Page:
How to Save in Your Retirement with Spousal RRSPs

How to Prepare for Your Post-Debt Life-17

The Canadian government offers plenty of incentives for long-term savers, including couples saving for retirement. Sure, both of you can still open your own individual Registered Retirement Savings Plans (RRSP). But if you are looking for a way to manage your tax bill as a couple, as well as build a bigger nest egg for your partner, spousal RRSPs can make a lot of sense. Here’s what you need to know about using this tool.

What is a spousal RRSP?

A spousal RRSP is a qualified retirement savings plan that you set up for your partner. You are able to make contributions to the RRSP, however, your spouse is the actual owner. The point of the spousal RRSP is to help you even out any gap in income between the two of you during retirement, while allowing you a tax break right now.

So you can contribute to the RRSP and receive the tax deduction today. During retirement, your partner withdraws the money and pays the income tax that results from the withdrawal.

Who would benefit from a spousal RRSP? Who wouldn’t?

You’ll likely get the best results from a spousal RRSP if there is a large disparity in income between you and your partner. For example, a spousal RRSP can make sense if you work full-time, and your partner doesn’t or just works part-time. If you and your spouse have similar incomes, the spousal RRSP might not be as effective.

Consider this scenario:

You make $125,000 a year, and while your partner is the primary caregiver for the kids, he or she also works part-time and earns $35,000 a year. You each can contribute up to 18 per cent of your income to an RRSP. For you, that means $22,500, but for your spouse, that means they can only contribute $6,300.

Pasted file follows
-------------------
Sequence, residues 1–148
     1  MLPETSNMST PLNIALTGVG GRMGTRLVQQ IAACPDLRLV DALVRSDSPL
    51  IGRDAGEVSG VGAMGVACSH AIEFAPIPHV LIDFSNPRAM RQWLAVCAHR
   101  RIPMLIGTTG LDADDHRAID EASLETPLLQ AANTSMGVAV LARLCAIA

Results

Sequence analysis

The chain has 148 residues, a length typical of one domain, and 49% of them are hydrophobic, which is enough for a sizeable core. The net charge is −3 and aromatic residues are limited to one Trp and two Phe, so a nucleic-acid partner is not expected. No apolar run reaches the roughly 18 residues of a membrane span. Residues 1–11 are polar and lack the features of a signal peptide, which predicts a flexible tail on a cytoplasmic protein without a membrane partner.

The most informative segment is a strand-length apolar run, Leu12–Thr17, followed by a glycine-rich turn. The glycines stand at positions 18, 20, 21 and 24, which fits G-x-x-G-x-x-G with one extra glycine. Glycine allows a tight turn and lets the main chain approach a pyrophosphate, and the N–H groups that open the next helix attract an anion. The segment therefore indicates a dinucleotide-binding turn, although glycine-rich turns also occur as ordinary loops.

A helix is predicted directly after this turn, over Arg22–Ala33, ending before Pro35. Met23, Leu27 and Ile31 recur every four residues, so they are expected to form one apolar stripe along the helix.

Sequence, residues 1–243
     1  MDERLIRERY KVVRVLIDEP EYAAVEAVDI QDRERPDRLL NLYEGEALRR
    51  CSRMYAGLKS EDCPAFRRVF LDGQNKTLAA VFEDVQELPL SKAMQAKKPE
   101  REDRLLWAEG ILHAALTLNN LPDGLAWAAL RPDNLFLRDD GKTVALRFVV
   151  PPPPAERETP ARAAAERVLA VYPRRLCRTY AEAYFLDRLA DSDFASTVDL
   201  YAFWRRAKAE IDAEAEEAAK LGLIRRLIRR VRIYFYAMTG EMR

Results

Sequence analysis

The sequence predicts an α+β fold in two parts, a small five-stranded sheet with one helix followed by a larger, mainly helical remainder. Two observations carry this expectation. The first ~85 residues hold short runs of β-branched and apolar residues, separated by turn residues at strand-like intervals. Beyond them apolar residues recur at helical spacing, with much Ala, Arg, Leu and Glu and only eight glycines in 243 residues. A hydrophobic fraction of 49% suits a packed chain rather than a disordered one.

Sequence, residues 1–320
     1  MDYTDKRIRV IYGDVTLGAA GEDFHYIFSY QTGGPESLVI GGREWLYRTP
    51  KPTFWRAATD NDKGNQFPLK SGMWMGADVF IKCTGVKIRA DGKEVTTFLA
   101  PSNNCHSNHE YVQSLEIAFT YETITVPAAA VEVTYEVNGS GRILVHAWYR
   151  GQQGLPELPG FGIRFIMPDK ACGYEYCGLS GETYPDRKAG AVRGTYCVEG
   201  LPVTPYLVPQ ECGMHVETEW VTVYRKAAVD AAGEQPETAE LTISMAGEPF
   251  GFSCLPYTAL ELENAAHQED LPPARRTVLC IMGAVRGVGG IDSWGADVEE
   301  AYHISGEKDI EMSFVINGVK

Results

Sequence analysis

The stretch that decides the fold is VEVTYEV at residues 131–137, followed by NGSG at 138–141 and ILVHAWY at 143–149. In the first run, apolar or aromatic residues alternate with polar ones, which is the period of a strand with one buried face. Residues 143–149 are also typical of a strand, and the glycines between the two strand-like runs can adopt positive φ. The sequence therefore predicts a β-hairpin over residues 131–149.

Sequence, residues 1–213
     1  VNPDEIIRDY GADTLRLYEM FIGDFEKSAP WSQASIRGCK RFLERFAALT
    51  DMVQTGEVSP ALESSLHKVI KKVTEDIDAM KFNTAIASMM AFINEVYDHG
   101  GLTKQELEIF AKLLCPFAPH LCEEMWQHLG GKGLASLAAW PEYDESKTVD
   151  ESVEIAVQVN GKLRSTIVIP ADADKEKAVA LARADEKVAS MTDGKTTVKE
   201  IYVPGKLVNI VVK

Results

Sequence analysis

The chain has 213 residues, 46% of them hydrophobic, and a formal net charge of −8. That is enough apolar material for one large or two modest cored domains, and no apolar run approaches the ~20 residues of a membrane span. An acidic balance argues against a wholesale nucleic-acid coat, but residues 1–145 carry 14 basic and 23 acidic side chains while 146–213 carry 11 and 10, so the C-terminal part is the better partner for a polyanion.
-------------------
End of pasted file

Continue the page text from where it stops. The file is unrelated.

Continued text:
In an individual RRSP, this accumulates to a much smaller nest egg for your spouse overtime. It also leads to more taxes on your account down the road. As you begin to withdraw later, you will likely have to pay hefty taxes on those withdrawals, since you’ve invested so much.

On the other hand, what if you divert some of that money into a spousal RRSP? It doesn’t change your contribution room – you can still only contribute a max of 18 per cent. However, it re-allocates some of that to your spouse. It equalizes your income in retirement, your partner gets a bigger nest egg, and you’ll be saving on tax when making withdrawals, since your spouse will be the one claiming that income from the spousal RRSP, putting you in a lower tax bracket.

Things to know about the spousal RRSP

Before you decide to spread the love and wealth with a spousal RRSP, you should note a few things first:

  • Remember that your spouse owns the RRSP. While you are making contributions, they become his or hers once in the account. Your partner makes the investment decisions related to the account, and decides when to withdraw.
  • You can open a spousal RRSP for your common law partner, the same way you would for your husband or wife.
  • Spousal RRSPs have a three-year attribution rule. If your spouse withdraws money from the RRSP within three calendar years of the last contribution, you will be taxed for it. It’s important that you and your spouse are on the same page and discuss the repercussions before any withdrawals are made.
  • If your spouse is younger than you, the spousal RRSP can be a great tool since you can make contributions until the end of the year in which he or she turns 71. So, even if you are over 71, you can still contribute to a spousal RRSP.

Carefully consider your options before moving forward with a spousal RRSP. It could possibly save you a lot, but as with all things investing and personal finance, the best tools for you depend on your individual situation. Of course, one great option is to consult with a retirement specialist and put together a plan that allows you to maximize your joint income in retirement while minimizing your taxes.

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4 thoughts on “How to Save in Your Retirement with Spousal RRSPs

  1. Would income splitting for retired couples achieve the same thing? The partner with the rrsp/larger rrsp withdraws, splits the income at tax time, and reduces the overall tax burden for the couple?

    • Hi Scott, I still prefer spousal RRSPs over income splitting when it comes to retirement planning. The reason is that income splitting is a tax rule that could be taken away at any point, but what you put into your spouses RRSP stays there. Tax laws change every year, especially when governments change. I wouldn’t base your plans for a retirement that might be decades way on the current tax laws.

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